|Male superb fairy-wren|
(Malurus cyaneus, Maluridae)
The Maluridae are one of the many bird families to have evolved from a great adaptive radiation of what were crows to new ecological opportunities in Australasia. Their closest relatives are the Meliphagidae (honeyeaters), and the Pardalotidae.
Their obvious similarity to the wrens of Europe and America is not genetic, but simply the consequence of convergent evolution between more-or-less unrelated species that share the same ecological niche.
Their behaviour is similar to many other passerine families. The males defend territory and attract females by song and bright coloured plumage. Females are a dowdy brownish colour, better for camouflage. The males' colour is much less bright out of season. They are insectivorous, and nest in dense undergrowth. The parallels with Eurasian wrens are quite striking.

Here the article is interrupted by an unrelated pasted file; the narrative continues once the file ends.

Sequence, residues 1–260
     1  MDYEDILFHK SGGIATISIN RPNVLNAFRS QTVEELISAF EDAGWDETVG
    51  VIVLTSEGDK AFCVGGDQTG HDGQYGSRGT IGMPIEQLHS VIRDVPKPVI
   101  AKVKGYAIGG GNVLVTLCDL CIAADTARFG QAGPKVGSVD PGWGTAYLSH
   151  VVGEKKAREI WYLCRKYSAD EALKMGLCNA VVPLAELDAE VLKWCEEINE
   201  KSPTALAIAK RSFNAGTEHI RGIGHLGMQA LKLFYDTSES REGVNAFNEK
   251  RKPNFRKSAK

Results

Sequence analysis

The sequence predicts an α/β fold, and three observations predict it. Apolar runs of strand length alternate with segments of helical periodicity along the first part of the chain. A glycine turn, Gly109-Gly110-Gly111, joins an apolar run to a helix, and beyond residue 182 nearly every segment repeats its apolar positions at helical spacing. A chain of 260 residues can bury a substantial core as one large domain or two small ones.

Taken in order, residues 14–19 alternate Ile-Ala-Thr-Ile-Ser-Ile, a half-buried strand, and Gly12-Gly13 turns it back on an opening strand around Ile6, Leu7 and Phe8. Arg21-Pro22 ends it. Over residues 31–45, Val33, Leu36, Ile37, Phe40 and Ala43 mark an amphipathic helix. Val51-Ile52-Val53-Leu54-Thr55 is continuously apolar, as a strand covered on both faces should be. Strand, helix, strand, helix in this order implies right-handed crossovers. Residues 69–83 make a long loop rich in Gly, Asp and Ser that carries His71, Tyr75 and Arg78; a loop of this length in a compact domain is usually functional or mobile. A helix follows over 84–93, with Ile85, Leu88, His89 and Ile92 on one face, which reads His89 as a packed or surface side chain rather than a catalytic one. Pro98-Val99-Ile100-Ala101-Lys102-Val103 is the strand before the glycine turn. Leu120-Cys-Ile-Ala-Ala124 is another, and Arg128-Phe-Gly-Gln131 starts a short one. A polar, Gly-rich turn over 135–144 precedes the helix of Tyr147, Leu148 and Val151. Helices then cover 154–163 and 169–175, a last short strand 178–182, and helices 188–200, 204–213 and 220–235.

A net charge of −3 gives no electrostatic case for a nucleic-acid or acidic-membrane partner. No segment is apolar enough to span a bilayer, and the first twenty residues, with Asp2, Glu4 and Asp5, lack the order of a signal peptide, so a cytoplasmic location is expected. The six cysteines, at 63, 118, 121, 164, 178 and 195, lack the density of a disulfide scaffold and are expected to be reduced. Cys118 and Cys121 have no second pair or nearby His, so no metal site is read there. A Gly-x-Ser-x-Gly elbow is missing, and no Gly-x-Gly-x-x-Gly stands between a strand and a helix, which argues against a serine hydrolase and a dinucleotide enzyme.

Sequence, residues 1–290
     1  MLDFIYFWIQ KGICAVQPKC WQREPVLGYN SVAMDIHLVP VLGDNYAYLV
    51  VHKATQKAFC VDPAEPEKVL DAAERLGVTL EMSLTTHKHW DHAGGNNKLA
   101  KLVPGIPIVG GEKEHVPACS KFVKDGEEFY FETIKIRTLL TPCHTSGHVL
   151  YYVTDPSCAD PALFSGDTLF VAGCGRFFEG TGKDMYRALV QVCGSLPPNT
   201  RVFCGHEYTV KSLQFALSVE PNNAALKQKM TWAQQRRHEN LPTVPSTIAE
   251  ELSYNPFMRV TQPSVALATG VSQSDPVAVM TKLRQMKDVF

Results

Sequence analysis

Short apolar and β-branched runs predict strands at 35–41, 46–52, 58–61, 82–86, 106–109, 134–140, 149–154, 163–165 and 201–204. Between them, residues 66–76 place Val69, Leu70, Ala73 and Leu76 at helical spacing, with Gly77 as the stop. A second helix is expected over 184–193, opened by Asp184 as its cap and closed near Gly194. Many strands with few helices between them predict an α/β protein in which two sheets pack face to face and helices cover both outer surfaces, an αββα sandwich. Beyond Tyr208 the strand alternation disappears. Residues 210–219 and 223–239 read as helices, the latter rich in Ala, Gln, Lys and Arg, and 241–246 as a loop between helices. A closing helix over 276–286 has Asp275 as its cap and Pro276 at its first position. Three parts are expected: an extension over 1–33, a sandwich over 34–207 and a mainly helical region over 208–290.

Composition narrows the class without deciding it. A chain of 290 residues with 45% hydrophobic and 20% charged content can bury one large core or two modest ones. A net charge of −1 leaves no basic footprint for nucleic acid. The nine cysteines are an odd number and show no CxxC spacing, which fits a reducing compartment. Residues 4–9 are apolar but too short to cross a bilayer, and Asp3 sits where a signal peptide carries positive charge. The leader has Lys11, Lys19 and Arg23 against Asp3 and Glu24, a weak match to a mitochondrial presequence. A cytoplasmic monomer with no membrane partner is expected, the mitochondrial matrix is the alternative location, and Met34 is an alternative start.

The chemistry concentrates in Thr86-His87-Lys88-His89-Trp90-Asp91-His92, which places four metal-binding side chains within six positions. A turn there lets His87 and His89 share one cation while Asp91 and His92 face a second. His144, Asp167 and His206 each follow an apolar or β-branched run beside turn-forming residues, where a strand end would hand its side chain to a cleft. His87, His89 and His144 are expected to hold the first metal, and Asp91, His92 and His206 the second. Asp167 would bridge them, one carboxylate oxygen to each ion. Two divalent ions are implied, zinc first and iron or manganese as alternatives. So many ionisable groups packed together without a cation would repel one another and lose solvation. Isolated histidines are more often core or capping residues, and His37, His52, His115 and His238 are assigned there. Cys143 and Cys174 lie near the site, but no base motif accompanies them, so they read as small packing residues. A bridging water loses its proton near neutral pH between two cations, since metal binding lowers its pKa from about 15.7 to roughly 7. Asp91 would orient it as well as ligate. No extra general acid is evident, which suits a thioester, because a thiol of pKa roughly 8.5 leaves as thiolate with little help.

References[change | change source]
- Barker, FK; Barrowclough GF; Groth JG (2002). "A phylogenetic hypothesis for passerine birds: taxonomic and biogeographic implications of an analysis of nuclear DNA sequence data". Proc. R. Soc. Lond. B 269 (1488): 295–308. doi:10.1098/rspb.2001.1883. PMC 1690884. PMID 11839199.
- Barker, FK; Cibois A; Schikler P; Feinstein J; Cracraft J (2004). "Phylogeny and diversification of the largest avian radiation" (PDF). Proc. Natl. Acad. Sci. USA 101 (30): 11040–11045. doi:10.1073/pnas.0401892101. PMC 503738. PMID 15263073. http://www.tc.umn.edu/~barke042/pdfs/Barker.et.al04.pdf. Retrieved 2007-10-12.